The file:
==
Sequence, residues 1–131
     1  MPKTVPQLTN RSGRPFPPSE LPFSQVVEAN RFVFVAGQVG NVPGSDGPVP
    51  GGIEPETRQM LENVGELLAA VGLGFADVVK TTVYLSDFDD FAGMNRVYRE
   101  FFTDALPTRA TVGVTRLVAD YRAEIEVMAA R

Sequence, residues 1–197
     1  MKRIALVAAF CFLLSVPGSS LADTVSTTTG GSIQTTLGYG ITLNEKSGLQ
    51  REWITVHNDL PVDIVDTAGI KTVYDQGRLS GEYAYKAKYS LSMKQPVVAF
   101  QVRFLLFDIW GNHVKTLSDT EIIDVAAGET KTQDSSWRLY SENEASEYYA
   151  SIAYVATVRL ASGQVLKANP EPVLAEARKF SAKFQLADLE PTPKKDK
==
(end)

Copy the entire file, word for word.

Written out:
Sequence, residues 1–131
     1  MPKTVPQLTN RSGRPFPPSE LPFSQVVEAN RFVFVAGQVG NVPGSDGPVP
    51  GGIEPETRQM LENVGELLAA VGLGFADVVK TTVYLSDFDD FAGMNRVYRE
   101  FFTDALPTRA TVGVTRLVAD YRAEIEVMAA R

Sequence, residues 1–197
     1  MKRIALVAAF CFLLSVPGSS LADTVSTTTG GSIQTTLGYG ITLNEKSGLQ
    51  REWITVHNDL PVDIVDTAGI KTVYDQGRLS GEYAYKAKYS LSMKQPVVAF
   101  QVRFLLFDIW GNHVKTLSDT EIIDVAAGET KTQDSSWRLY SENEASEYYA
   151  SIAYVATVRL ASGQVLKANP EPVLAEARKF SAKFQLADLE PTPKKDK